4. d A. That there is an infringing product actually on the market or in use.
    B. That a rigid comparison of the infringing product with the claims of the current app will show that the subject matter disclosed & claimed in the app is unquestionably infringed upon by the other product.
    That the applicant has made a careful & through search of prior art or has good knowledge of pertinent prior art. (one copy of each referenced prior art necessary).
  5. e 1. Prior Art: Under 35 U.S.C. 102 if there is even one single reference that establishes that there is valid prior art to a claim, then the claim may be rejected.
    2. Obviousness: Under 35 U.S.C. 103, this is trickier, while there is not one single source showing the invention, many sources that each show parts of the claim when put together would be obvious to someone skilled in the art. So if the claim is for already-existing components A+B+C, if the combination of A+B+C would be obvious to a normal professional skilled in the art, then the claim fails on obviousness.

5 Multiple choice questions

  1. If there is objective evidence of: (especially for defeating obviousness)
    1) criticality
    2) unexpected positive results
    3) commercial success
    4) a long-felt but unsolved need that this invention addresses
    5) failure of other inventions to meet the need
    6) expert opinions, etc.
  2. 1) The examiner may be allowed to compel the disclosure of information if it is reasonably necessary
    2) This information does not have to be the same type of info that is already required to be disclosed in an IDS.
    3) The burden of production for a request is finding info that is reasonably and readily available, which is a much lower burden than required under 37 CFR 1.56(c) disclosure statements.
  3. 1. Has to be in writing;
    2. Has to identify the app by the the app # and the filing date.
  4. If there is a reply filed within 2 months of the final Office action, the SSP will expire at the end of 3 months on the FOA or on the mailing date of the Advisory Action whichever is later. (Basically, if the reply is within the shortened 2 month window, then if the Advisory Action is somewhat late, you can get the later date of the Advisory Action or the normal SSP to file appeals or RCE's in addition to normal replies.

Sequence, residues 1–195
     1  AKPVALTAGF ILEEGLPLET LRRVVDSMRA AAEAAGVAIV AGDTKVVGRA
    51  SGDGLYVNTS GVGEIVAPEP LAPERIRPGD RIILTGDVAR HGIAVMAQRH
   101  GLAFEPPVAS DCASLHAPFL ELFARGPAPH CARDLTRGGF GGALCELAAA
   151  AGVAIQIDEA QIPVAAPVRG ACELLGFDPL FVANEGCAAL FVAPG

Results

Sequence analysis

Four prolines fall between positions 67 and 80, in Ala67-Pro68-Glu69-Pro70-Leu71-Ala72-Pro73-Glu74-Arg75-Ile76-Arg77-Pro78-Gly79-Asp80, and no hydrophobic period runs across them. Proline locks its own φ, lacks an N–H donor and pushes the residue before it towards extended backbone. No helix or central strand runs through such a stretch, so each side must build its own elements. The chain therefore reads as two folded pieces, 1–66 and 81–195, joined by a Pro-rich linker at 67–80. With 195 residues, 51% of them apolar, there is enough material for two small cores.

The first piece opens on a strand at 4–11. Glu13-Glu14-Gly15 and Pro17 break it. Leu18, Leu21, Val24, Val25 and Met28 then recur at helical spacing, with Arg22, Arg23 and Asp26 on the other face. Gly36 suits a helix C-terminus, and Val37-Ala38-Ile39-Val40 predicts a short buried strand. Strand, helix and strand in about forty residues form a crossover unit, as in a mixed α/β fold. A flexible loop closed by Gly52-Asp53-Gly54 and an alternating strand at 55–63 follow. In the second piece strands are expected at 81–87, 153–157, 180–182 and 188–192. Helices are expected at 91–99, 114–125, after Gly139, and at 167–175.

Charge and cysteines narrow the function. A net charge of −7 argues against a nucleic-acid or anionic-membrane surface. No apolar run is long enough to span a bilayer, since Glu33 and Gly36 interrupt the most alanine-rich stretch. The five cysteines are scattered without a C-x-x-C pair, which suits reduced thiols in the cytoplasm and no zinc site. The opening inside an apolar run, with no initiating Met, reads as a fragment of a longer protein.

However, the 6 month total time period (SSP + 3 month extension) is still the final time limit after the final rejection
  5. An RCE creates a new examination, so an appeal and an RCE really don't make sense at the same time. When an RCE is filed during an appeal (but before the appeal decision is made) it effectively withdraws the appeal. Even if the RCE is improper the appeal is withdrawn too!!

5 True/False questions

  1. RCE Deadlines: These are different than for just a normal reply! The RCE must be filed before the earliest of:pending apps, abandoned apps, apps entering the National stage under 35 U.S.C. 371, in a patent, or in a reexamination (basically in any situation where an examiner needs info). The requests for information are made at the examiner's discretion

          

  2. Earliest effective filing date for provisional appsIf applicant is filing a continuation/divisional of one or more U.S. or international apps, (and if the apps are valid on their own for having filing dates under 35 U.S.C. 120 for U.S. or 35 U.S.C. 365 for IA) then the effective filing date is: the earliest filing date in the line of continuation or divisional apps. (Remember that these apps are not allowed to have any new matter in them)

          

  3. Review of 35 U.S.C. 103(c):(A) An admission or denial of amendment to an app after final rejection, is not enough to save the app from abandonment; (B) admission of or refusal to admit an amendment that is not responsive to the last Offie action is also not enough to save the app from abandonment. (Get it within the deadline, just because the USPTO accepts an amendment will not absolve the applicant from having to meet deadlines.)

          

  4. unavoidableIf you invent a superconductive material, or a process to manufacture or apply superconductivity, then file the petition for making it special. No fee required.

          

  5. When the app was actually abandoned, but circumstances allow the app to be Revived: (37 CFR 1.137)In order to get a patent app revived, the applicant must first show that the app was abandoned: 1. Due to unavoidable circumstances (37 CFR 1.137(a)); 2. Due to uninentional oversight in not replying. (37 CFR 1.137(b)). Additionally, since these abandonments are always related to failing to respond or pay a necessary fee on the app, the petition must be accompanied by the proper response for whatever underlying reason created the abandonment in the first place (like if you owed a fee, the fee should be included with the revival petition).